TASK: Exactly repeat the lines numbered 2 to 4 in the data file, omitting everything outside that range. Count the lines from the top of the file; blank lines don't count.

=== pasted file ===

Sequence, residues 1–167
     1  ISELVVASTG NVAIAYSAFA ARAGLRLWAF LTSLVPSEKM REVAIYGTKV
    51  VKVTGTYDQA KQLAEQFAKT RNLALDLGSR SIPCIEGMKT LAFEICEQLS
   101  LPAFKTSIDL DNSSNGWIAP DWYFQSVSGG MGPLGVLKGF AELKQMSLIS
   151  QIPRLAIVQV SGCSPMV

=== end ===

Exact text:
     1  ISELVVASTG NVAIAYSAFA ARAGLRLWAF LTSLVPSEKM REVAIYGTKV
    51  VKVTGTYDQA KQLAEQFAKT RNLALDLGSR SIPCIEGMKT LAFEICEQLS
   101  LPAFKTSIDL DNSSNGWIAP DWYFQSVSGG MGPLGVLKGF AELKQMSLIS